If you’re a Professor Layton fan, then this review really isn’t for you—you’re going to buy the game anyhow. What about those of you who are curious about the series but aren’t sure where to begin, or those that have a previous Professor Layton title but now wonder which chapter to get next?
There’s two factors that make Last Specter my top choice for a situation like that. The first is the fact that the game is, indeed, the official beginning of the Professor Layton saga. Sure, okay—in these games, the story really isn’t a make-it-or-break-it element. Still, it makes Last Specter a good point to jump into the series for those who haven’t been around for the entire ride.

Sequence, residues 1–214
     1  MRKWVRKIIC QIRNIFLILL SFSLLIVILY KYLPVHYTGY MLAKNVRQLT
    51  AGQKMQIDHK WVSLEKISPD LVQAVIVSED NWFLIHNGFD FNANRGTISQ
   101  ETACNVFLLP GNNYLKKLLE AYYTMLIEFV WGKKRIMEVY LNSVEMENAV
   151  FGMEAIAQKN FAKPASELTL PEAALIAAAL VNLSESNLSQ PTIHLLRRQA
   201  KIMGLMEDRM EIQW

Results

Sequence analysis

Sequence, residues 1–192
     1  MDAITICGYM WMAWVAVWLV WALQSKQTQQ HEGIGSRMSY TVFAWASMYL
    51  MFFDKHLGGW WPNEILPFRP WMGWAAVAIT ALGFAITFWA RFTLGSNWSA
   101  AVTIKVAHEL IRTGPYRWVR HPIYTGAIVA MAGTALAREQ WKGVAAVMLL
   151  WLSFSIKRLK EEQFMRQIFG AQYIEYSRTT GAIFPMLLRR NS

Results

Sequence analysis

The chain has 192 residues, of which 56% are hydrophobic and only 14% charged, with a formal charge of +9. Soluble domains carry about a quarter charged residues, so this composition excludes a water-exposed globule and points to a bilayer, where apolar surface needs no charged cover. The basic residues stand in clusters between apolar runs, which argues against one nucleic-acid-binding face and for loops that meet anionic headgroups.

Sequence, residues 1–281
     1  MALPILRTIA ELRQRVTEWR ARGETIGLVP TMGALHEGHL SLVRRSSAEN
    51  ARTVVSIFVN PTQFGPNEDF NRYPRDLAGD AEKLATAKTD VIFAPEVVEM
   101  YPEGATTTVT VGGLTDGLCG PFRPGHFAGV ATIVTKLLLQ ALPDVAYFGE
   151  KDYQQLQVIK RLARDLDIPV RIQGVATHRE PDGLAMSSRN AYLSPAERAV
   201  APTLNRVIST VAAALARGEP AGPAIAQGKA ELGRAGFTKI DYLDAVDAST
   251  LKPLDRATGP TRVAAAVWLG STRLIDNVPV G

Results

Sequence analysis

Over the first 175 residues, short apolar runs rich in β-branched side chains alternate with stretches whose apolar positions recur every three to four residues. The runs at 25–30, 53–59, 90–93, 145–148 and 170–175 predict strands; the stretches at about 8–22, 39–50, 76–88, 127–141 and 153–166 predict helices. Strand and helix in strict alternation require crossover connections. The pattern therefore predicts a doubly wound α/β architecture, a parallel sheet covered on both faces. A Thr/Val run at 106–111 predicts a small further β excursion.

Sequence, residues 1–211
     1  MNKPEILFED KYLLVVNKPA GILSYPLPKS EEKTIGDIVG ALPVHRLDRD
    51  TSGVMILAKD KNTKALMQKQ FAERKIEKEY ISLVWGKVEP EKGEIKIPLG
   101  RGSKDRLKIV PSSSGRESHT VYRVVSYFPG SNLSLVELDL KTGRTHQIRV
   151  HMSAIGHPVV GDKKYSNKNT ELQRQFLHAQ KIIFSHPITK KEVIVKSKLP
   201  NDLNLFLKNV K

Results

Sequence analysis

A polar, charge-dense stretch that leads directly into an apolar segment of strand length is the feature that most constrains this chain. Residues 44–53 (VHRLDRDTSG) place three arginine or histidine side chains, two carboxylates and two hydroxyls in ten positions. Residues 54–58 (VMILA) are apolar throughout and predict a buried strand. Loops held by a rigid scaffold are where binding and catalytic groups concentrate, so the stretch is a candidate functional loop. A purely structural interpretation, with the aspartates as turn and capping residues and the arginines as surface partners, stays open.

The other element is the extras included with Last Specter. The main portion of the game offers a variety of bonus mini-games—from model train set puzzles to the requisite “hidden items collection”—but it’s London Life where things get really interesting. A completely new feature for the series, London Life is a bonus RPG (of sorts) lovingly created by Japanese development group Brownie Brown—as in the folks who made, among other things, the legendary Mother 3. London Life has a similar look and feel to Mother 3, and the detailed, stylistic sprite world presented here is just as gorgeous and bursting with personality. You start off by creating your own character, and then—basically—you enjoy the life that you live in that world. Take up a variety of jobs, buy your character new outfits, decorate your apartment, maybe pick up a hobby or two, and get to know better the wide variety of personalities you’ll meet in this 16-bit slice of Layton’s fictional London.